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3 of 3 people found the following review helpful
5.0 out of 5 stars Great Sequal, January 11, 2013
By 
Darryl G. Clifton Jr. (CAZENOVIA, NEW YORK, US) - See all my reviews
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This review is from: Zero Escape: Virtue's Last Reward - Nintendo 3DS (Video Game)
This game didn't simply make me happy it made me even more of a fan than the First game. The 3DS version looks great and the soundtrack was awesome too. I had my best friend hooked with the last game and he couldn't wait to borrow this.
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7 of 9 people found the following review helpful
5.0 out of 5 stars A Worthy Successor, November 1, 2012
= Fun:5.0 out of 5 stars 
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This review is from: Zero Escape: Virtue's Last Reward - Nintendo 3DS (Video Game)
As with the prequel to this game, Zero Escape is not for children. There is strong language, sexual innuendo, and a dark plot that could frighten/confuse younger players. While it is up to each parent to decide if their child is mature enough for a game, I seriously recommend that parents read the rest of this review before handing the game over to little Timmy or Susie.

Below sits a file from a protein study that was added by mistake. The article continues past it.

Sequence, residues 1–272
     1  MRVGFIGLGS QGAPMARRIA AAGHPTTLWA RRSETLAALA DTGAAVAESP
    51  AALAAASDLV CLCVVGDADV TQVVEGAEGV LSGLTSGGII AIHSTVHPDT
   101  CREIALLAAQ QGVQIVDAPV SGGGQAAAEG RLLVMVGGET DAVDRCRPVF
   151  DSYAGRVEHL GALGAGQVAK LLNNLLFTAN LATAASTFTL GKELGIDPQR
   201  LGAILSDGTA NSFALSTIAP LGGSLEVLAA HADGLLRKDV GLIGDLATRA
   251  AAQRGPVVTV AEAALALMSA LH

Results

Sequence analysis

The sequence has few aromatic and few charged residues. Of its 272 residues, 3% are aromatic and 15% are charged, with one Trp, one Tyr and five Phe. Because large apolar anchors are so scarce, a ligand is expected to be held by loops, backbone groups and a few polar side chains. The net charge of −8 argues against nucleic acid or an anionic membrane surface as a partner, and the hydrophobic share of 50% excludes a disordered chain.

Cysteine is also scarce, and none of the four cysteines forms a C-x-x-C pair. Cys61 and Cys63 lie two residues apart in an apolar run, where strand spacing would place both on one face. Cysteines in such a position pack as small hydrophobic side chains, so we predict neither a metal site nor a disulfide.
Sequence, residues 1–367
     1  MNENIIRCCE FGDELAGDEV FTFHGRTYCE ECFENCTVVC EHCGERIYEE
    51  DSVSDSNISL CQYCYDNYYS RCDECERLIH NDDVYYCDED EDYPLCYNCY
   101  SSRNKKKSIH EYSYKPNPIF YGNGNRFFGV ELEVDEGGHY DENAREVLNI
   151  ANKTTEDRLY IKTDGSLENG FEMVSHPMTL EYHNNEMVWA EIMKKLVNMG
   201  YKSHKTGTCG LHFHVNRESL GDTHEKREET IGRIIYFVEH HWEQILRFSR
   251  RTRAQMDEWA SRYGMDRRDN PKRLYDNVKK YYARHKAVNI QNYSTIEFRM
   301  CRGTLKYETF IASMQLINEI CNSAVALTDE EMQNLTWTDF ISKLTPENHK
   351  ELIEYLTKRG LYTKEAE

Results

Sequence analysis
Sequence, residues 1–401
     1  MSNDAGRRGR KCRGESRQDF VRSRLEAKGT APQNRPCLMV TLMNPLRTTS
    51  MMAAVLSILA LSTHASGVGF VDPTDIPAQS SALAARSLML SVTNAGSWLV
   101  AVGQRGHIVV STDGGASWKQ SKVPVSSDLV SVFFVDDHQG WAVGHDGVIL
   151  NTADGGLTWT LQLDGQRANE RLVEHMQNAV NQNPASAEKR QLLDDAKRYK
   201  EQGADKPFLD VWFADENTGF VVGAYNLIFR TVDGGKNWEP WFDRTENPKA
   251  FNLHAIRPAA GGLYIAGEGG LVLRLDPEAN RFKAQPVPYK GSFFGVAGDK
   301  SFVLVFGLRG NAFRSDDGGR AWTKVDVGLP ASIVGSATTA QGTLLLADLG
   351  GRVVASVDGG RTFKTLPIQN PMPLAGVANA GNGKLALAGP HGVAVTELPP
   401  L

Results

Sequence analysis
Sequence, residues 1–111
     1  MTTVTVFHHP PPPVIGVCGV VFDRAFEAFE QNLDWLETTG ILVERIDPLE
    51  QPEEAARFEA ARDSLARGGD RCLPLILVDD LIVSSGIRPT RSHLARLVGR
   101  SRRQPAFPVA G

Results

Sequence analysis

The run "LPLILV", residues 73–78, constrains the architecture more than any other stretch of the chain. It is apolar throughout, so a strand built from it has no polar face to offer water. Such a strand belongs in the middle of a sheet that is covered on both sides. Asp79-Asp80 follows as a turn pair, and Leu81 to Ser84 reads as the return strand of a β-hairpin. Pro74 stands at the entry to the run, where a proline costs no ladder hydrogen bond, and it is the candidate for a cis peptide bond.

About a year ago, Aksys released a game called 9 Persons, 9 Hours, 9 Doors (999 for short). I reviewed that game and gave it high marks, and even now it remains my favorite game for the Nintendo DS system. You can imagine my excitement when I learned that a sequel was being released this October. As soon as I found the product I placed my order; I managed to finagle a 3DS, and to my immense happiness this new title would be compatible (indeed, the 3D rendering is very lovely, but I will cover that further down). With baited breath I loaded the cartridge into my 3DS; a software patch was required, but fortunately it did not take long to install. Within five minutes I loaded up the game and started my adventure in the realm of Zero Escape: Virtue's Last Reward.

Gameplay

Zero Escape, like its predecessor, is a puzzle game crossed with a survival story. The plot is simple: a group of people are kidnapped and forced to solve a series of puzzles in order to escape their captor, the mysterious Zero. Each character wears a wristband that guides the course of the game. Any attempt to remove the bracelet will result in the death of the wearer; it will only deactivate if the person dies or if they escape through the door with the large number 9 on it.

In 999, players were introduced to the Nonary Game. Zero Escape also features the Nonary Game, but the gameplay is markedly different. To compare to the previous title, here are some key aspects of the gameplay. This list is informative for both fans of the series who played 999 and newcomers who are intrigued by the game description:

1. After you "beat" the game/arc the first time, you can skip both the dialogue AND the puzzles. This is a vast improvement over 999; while you could skip the narrative, you had to solve the same puzzles over and over again for the playthroughs, a tedious and boring task by the third or fourth attempt. As an additional bonus, you can select an autopilot feature so that you will not have to hit the A button after each sentence. If there is any action on the screen you will need to reactivate the autopilot, but this is a minor inconvenience, at best.